Broadway abandons the order of the theatrical mask as the stars get sick from COVID

Broadway abandons the order of the theatrical mask as the stars get sick from COVID

Broadway theaters in New York will abolish coronavirus mask orders for members of the public from July 1, the Broadway League industrial trading group announced on Tuesday.

“Owners and operators of all 41 Broadway theaters in New York will retain coverage orders in all Broadway theaters until June 30 and adopt a policy ‘optional mask’ for July,” the statement said. “Audience members are still encouraged to wear masks in theaters.”

The Broadway League said it would review the cover-up protocols on a monthly basis and announce its policy for August in mid-July.

“This is not an easy decision – there are more people who want the masks to be worn, but many still want them – and we encourage people who have any concerns to wear their masks,” said Charlotte St. Martin, president of the Broadway League, according to the New York Times.

The demand is easing as several Broadway stars tested positive for COVID this month.

Beanie Feldstein, the star of “Funny Girl” on Broadway, announced that she was infected by COVID in an Instagram post on June 7. Feldstein was replaced by Julie Benko during her recovery. according to a tweet posted on the show’s account.

Hugh Jackman, the protagonist of “The Music Man”, announced that he tested positive for the virus on June 13, less than a day after appearing at the Tony Awards. Jackman said Max Clayton would complement him.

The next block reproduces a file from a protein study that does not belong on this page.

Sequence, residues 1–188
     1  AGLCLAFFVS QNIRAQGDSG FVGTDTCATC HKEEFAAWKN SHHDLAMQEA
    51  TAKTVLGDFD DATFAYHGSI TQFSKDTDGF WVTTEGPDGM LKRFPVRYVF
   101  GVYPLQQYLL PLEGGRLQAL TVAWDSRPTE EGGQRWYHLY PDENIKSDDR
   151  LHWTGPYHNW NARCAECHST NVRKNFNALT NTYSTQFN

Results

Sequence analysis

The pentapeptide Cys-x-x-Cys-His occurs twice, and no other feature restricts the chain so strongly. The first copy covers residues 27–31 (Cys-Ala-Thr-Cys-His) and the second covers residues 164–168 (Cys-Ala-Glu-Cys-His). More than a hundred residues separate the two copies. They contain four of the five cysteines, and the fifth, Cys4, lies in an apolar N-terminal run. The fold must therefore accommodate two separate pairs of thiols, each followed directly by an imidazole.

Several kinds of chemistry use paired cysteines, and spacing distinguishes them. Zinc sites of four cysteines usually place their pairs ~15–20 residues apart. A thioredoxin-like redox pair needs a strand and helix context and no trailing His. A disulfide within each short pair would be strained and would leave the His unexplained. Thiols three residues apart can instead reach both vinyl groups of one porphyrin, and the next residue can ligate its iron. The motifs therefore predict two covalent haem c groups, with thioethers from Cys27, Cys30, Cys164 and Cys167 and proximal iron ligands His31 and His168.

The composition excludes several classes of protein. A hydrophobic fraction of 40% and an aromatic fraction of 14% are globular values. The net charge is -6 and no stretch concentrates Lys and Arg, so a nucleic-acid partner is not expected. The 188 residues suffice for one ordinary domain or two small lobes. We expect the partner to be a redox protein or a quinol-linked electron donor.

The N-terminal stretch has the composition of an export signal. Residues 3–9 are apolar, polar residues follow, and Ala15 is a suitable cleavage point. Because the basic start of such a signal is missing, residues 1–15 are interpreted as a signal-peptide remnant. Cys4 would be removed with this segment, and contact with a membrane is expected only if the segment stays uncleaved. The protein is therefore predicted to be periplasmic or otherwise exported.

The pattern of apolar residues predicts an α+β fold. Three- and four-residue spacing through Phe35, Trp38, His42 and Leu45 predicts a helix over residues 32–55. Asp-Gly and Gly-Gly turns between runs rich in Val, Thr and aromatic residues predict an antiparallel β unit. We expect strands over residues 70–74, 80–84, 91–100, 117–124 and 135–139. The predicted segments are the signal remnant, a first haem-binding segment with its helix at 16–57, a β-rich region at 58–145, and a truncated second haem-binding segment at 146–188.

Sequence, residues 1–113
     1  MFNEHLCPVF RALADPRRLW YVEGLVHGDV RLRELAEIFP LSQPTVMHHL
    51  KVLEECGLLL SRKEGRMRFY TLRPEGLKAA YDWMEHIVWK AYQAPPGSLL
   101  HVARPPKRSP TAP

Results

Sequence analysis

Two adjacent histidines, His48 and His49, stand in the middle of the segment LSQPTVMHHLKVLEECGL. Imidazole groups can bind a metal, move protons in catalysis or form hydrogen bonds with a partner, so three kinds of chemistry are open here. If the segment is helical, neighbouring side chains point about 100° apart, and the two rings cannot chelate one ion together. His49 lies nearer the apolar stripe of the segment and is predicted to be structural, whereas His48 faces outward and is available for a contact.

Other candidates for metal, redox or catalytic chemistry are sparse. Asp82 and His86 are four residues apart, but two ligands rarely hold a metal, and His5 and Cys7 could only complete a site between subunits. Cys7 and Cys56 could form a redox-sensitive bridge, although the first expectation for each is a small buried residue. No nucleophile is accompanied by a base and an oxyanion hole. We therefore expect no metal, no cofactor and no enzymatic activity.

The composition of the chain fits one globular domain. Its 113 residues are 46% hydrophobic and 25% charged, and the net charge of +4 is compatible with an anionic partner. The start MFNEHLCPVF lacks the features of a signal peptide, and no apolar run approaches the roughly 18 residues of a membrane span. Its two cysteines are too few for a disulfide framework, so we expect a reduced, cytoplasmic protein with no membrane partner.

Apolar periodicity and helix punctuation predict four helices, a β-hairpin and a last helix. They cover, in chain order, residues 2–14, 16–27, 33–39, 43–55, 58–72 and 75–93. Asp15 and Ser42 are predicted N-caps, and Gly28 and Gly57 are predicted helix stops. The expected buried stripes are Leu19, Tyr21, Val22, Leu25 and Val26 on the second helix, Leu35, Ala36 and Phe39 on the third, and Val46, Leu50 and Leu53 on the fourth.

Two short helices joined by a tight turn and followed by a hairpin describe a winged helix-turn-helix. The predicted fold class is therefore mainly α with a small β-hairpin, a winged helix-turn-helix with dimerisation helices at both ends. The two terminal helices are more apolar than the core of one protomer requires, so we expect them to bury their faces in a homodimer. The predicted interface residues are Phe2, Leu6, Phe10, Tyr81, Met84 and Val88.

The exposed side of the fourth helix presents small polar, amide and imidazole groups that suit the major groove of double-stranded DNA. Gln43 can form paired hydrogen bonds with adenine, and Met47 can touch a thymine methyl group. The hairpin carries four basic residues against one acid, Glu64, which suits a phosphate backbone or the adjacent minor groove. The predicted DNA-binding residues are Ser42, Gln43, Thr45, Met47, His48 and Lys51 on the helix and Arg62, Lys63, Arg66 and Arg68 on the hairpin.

The loose mask order on Broadway theaters was announced the same day New York downgraded COVID-19 alert level from high to medium, citing reduced cases and hospitalizations. COVID-19 cases per 100,000 in the city were now 240.4 and hospitalizations per 100,000 were reduced to 9.8, Mayor Eric Adams and Health Commissioner Aswin Wassan said in a joint statement.

“We are grateful to the New Yorkers for their constant attention and vigilance as we reached the other side of this wave,” the two officials said.

The mid-level alert for COVID includes recommendations for vaccinations and reinforcement, as well as for mask use in public indoor areas where other people have been vaccinated. Under the previous high alarm level, New Yorkers were asked to wear a mask indoors regardless of their vaccination status.

Adams and Wassan said health officials learned a lot about the virus during this year’s outbreak and stressed the importance of existing public health safety measures, including masks.

“Testing, vaccinations, treatments and coverage were vital tools to keep people alive and out of the hospital,” they said. “But we know there is no greater defense against this virus than vaccination, so we are delighted that young children are now eligible for the protection they deserve and look forward to starting vaccination before the age of five.”

The Centers for Disease Control and Prevention recommended vaccinations against COVID in children under 5 on Saturday. The first vaccinations for this age group in New York are going to start on Wednesday.

Earlier this month, the mayor of New York withdrew requirements for a mask for children under 5 “in all early childhood environments.”

This article originally appeared on HuffPost and has been updated.


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